# How to linearize the product of two integer variables?

Given two integer variables $$L_x \leq x \leq U_x$$ and $$L_y \leq y \leq U_y$$, how can we linearize the product $$x \cdot y$$?

A straightforward approach is to express the integer variables $$x$$ and $$y$$ in terms of binary variables. In case $$L_x < 0$$ or $$L_y < 0$$, we can use the two complement's representation, see this answer for more details. So let's assume $$L_x, L_y \geq 0$$. Then, we have

$$x \cdot y = \left( \sum_{i=0}^{M_x - 1} 2^i x_i \right) \cdot \left( \sum_{j=0}^{M_y - 1} 2^j y_j \right) = \sum_{i=0}^{M_x -1} \sum_{j=0}^{M_y-1} 2^{i+j} x_i y_j,$$

with $$M_x = \left\lceil \log_2{(U_x + 1)} \right\rceil$$ binary variables $$x_i$$ and $$M_y = \left\lceil \log_2{(U_y + 1)} \right\rceil$$ binary variables $$y_j$$. Now we can linearize the products of two binary variables $$z_{ij} = x_iy_j$$ by introducing additional binary variables $$z_{ij}$$ and imposing the constraints

\begin{align} z_{ij} &\leq x_i, \\ z_{ij} &\leq y_j, \\ z_{ij} &\geq x_i + y_j - 1, \end{align}

for all $$i = 0, \ldots, M_x-1, j = 0, \ldots, M_y - 1$$. Since $$M_xM_y + M_x + M_y$$ binary variables are required to linearize the integer product $$x \cdot y$$, this approach is only worth if $$x$$'s and $$y$$'s range of values is small.

Edit: As 4er mentioned in the comments, we can significantly reduce the number of required binary variables by only expressing $$x$$ in terms of binary variables. Let again assume $$L_x \geq 0$$. Then,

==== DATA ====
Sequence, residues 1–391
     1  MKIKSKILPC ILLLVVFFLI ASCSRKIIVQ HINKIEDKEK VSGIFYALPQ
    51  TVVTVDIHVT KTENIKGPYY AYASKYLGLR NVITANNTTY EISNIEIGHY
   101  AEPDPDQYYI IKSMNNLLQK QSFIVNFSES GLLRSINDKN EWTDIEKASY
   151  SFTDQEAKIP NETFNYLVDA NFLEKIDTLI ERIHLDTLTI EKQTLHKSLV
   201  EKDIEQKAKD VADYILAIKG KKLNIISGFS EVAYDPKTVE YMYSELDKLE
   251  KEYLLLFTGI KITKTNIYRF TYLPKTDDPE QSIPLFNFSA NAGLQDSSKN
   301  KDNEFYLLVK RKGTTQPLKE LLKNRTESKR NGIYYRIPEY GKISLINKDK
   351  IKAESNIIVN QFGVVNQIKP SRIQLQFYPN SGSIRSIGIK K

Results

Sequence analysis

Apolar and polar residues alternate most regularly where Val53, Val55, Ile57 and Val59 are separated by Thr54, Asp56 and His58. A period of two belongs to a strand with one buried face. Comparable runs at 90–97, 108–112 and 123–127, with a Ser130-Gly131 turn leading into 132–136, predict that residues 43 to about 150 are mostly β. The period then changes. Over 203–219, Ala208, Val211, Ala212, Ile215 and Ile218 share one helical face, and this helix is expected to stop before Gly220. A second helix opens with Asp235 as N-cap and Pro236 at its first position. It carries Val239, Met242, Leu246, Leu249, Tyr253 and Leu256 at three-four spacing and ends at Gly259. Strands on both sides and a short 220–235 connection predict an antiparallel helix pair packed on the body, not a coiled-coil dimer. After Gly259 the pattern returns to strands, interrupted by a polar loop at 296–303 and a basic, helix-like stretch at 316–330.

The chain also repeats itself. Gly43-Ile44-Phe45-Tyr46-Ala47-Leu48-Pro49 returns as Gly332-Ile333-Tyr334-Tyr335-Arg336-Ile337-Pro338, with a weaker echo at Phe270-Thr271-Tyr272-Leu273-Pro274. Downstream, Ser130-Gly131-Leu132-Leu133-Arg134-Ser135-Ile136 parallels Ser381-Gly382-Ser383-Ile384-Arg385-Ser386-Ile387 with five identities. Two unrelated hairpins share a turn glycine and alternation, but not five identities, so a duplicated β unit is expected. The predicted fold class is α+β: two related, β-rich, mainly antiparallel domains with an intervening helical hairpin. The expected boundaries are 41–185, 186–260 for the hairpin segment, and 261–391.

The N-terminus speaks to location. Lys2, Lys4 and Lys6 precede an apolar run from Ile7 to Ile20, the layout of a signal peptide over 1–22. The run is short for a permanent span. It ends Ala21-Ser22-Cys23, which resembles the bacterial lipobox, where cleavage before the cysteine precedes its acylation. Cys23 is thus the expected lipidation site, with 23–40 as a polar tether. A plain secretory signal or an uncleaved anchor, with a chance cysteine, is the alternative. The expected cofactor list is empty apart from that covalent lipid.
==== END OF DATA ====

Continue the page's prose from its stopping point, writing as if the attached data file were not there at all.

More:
$$x \cdot y = \left( \sum_{i=0}^{M_x - 1} 2^i x_i \right) \cdot y = \sum_{i=0}^{M_x - 1} 2^i x_i y.$$

Consequently, we only need to linearize the $$M_x$$ products $$z_i = x_i y$$ of a binary and an integer variable by imposing the constraints

\begin{align} z_i &\leq U_y x_i \\ z_i &\geq L_y x_i \\ z_i &\leq y - L_y (1-x_i) \\ z_i &\geq y - U_y (1-x_i) \\ \end{align}

for all $$i = 0, \ldots, M_x - 1$$. Thus, only $$M_x$$ binary variables and $$M_x$$ general variables need to be introduced.

• How about expressing only x (or only y) in terms of binary variables? Then you would have a smaller number of binary-times-general-integer products, and you could linearize them as described for example at orinanobworld.blogspot.com/2010/10/….
– 4er
Nov 16, 2021 at 14:36
• Fair point! Feel free to post it as a separate answer. Otherwise, I'll edit my answer accordingly.
– joni
Nov 16, 2021 at 14:41
• @joni, If there exist some indices on $x$ and $y$ variables, e.g. $x_j$ , how we can define the auxiliary variable $z$ ? Would it be $z_{i,j}$ !? Jul 9 at 9:38